Tag Archives: Byron

Looper Death Brings Emotional Times for Burks Family

Wednesday was an emotional day for the Burks family as they learned the about the death of the man convicted of the murder of one of their influential family members, reports the Cookeville Herald-Citizen.
Byron “Low Tax” Looper was found unresponsive in his jail cell late Wednesday morning in Wartburg in East Tennessee, where he was serving life in prison for the 1998 murder of state Senator Tommy Burks.
“We’ve got a lot of different emotions running right now,” Kim Blaylock, Tommy Burks daughter, said Wednesday afternoon a few hours after the news broke.
Blaylock found out when the TBI came by her office when they couldn’t reach her mother, state Sen. Charlotte Burks.
“They wanted to tell her before it came out in the media,” she said. “It’s been an emotional day for all of us.”
Charlotte Blaylock Looper, granddaughter, said on Facebook, “I would like to say thank you very much to everyone for the calls, messages and prayers. It is very nice to know my family and I have been blessed with so many supportive friends.”
Bill Gibson was the district attorney at the time of the murder and prosecuted Looper.
“It was the highest profile case that I ever handled as DA,” he said. “I’m just feeling a lot of mixed emotions at the news of his death. We lived that case for many months. We knew he would die in prison one day.”
Deputy District Attorney Tony Craighead was on the prosecuting team with Gibson and feels this is the closure of one of the most tragic cases in Tennessee history.
“I’m proud of the fact that I had a part in putting him in prison, although I can never take satisfaction in that because of Senator Burks’ death,” he said. “I knew Tommy. He was a wonderful man. It was a horrible tragedy. I’ve been prosecuting cases for 21 years now and I’ve done dozens of murder cases, and this was one of the most well-investigated and complete cases I’ve ever been involved in.”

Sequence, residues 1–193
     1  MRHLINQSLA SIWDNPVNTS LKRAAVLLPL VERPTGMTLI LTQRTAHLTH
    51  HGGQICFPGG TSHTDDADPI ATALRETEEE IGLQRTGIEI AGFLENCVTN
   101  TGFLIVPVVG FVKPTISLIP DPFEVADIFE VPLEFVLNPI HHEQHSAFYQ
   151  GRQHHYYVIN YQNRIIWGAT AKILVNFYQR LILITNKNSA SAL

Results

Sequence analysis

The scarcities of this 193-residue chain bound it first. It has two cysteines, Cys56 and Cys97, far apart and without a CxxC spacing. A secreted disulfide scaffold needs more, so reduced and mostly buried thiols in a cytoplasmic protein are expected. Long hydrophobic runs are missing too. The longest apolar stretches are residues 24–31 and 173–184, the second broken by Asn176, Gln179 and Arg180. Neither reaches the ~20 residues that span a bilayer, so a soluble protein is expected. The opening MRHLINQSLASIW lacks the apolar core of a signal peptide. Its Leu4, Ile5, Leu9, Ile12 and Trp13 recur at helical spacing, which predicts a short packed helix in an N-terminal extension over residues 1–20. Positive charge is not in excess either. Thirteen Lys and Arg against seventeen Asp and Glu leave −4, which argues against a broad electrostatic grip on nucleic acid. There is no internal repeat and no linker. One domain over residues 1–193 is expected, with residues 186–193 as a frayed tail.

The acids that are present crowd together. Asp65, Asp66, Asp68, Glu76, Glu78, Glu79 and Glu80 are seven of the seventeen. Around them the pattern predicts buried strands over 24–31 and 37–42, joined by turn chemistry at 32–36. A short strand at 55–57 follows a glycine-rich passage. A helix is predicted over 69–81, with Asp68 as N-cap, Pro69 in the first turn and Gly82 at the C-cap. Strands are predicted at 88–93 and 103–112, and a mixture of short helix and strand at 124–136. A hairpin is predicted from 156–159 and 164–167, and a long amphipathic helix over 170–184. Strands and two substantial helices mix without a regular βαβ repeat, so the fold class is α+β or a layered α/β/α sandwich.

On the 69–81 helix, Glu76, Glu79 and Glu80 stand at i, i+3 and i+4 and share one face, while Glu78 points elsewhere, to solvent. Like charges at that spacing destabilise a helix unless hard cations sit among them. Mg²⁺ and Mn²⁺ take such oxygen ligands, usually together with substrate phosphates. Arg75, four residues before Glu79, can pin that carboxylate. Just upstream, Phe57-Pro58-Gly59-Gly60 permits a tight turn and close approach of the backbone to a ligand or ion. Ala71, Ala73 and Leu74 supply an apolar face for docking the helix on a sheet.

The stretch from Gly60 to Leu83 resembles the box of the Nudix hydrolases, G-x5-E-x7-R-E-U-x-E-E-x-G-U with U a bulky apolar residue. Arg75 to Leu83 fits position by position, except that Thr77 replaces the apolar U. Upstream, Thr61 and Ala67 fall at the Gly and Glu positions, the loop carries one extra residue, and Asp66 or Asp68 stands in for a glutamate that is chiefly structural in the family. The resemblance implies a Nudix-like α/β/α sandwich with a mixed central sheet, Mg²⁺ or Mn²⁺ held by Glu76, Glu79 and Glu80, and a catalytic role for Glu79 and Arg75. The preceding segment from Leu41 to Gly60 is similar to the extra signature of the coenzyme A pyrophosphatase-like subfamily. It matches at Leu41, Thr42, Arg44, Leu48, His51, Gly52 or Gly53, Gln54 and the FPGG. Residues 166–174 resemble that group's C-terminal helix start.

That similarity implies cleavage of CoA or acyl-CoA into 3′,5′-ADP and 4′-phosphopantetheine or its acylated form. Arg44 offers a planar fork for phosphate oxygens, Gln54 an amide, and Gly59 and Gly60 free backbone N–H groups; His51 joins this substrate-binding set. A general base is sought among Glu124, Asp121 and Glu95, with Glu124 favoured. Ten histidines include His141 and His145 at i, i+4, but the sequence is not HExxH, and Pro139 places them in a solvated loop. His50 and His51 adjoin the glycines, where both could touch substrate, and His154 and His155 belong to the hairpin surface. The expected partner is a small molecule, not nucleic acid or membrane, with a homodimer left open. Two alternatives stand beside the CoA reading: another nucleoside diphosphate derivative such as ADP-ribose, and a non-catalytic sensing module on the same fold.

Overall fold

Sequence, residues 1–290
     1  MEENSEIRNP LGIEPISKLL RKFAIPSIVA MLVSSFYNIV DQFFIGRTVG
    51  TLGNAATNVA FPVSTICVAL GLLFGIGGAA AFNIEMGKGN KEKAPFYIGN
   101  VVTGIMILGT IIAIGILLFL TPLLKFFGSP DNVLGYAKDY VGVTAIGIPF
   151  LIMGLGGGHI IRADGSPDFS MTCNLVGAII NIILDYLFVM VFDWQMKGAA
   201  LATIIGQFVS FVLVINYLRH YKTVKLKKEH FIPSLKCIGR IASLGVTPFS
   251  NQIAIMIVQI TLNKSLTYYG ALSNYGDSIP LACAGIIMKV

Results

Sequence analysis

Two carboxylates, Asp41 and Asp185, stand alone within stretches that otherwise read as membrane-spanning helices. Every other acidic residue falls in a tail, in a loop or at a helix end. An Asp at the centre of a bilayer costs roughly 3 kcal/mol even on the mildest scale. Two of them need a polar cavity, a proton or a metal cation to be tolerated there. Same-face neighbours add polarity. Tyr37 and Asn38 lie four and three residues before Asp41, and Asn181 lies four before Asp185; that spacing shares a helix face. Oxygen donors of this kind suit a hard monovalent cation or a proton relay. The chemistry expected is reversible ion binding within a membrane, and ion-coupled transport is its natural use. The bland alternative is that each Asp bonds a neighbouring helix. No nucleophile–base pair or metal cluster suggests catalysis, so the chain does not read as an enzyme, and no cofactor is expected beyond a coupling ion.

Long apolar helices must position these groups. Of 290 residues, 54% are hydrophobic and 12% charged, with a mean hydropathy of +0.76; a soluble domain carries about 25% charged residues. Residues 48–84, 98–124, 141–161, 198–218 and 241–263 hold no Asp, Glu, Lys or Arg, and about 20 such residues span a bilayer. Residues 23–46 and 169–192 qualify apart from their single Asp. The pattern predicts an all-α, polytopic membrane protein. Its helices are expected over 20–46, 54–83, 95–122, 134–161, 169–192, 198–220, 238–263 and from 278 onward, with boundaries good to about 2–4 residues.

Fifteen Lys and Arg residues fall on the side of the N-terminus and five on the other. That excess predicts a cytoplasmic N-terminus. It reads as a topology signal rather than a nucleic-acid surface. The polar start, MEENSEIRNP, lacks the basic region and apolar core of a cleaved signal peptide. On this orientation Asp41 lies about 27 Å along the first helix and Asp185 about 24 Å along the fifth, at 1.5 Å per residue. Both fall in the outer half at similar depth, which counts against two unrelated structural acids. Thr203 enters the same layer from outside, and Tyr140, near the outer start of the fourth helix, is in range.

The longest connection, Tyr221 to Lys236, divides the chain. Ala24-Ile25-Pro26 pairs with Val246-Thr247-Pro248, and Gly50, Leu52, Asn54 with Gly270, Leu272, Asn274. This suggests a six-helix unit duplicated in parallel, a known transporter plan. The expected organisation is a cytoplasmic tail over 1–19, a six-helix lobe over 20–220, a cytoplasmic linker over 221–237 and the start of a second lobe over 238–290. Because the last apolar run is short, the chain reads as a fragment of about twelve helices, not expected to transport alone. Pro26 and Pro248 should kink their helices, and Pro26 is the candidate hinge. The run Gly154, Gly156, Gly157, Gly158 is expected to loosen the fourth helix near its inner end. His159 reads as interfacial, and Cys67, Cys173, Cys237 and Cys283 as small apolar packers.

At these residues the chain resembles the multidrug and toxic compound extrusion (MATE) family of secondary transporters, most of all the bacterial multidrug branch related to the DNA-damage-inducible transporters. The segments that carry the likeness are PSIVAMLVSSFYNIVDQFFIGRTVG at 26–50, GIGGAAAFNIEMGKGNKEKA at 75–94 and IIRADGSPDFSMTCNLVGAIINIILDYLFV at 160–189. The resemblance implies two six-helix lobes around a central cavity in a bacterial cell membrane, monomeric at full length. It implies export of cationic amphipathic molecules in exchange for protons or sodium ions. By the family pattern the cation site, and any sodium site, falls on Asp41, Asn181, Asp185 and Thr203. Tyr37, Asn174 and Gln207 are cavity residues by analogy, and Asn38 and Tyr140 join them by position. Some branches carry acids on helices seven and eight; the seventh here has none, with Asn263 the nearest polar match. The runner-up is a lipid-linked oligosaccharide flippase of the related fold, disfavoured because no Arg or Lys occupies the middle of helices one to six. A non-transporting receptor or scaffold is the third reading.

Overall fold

Now that Looper’s dead, Craighead said maybe it will be a time to remember all the good that Burks did.

Death Row Inmate Wins in Federal Appeal

NASHVILLE, Tenn. (AP) — A federal appeals court has ruled that a Tennessee death row inmate’s mental disability claims weren’t properly considered.
Byron Black was sentenced to death after his 1989 Nashville conviction in the murder of his girlfriend Angela Clay and her daughters, ages 9 and 6.
The U.S. Circuit Court of Appeals in Cincinnati ruled Thursday that the Tennessee Court of Criminal Appeals didn’t properly evaluate whether Black, who is 55, had a mental disability, according to The Tennessean (http://tnne.ws/uOzU5K).
The U.S. and Tennessee supreme courts have ruled that executing mentally disabled people violates a constitutional ban on cruel and unusual punishment.
Kelley Henry of the federal public defender’s office declined comment. Sharon Curtis-Flair of the Tennessee Attorney General’s Office said the appellate court ruling is being reviewed.

Knox School Supe Defends Teacher Evaluation System

Legislators beset with complaints about the state’s new teacher evaluation system were urged by Knox County School Superintendent Jim McIntyre Wednesday to make no changes in the “courageous and visionary” law.
McIntyre and Knoxville Central High School teacher Byron Booker, recently named the state’s “teacher of the year,” spent more than two hours before House Education Committee.
Most of that time was spent fielding questions based on complaints that the process and its “instructional rubric” is so complicated and time-consuming that it takes away from teaching time and has unfair elements that have left many competent teachers contemplating early retirement or resignation.
There were also questions about not granting tenure to teachers who consistently are evaluated as meeting expectations — or level three of five levels established under the system. Under the new system, only teachers rated at the higher levels four and five can become tenured.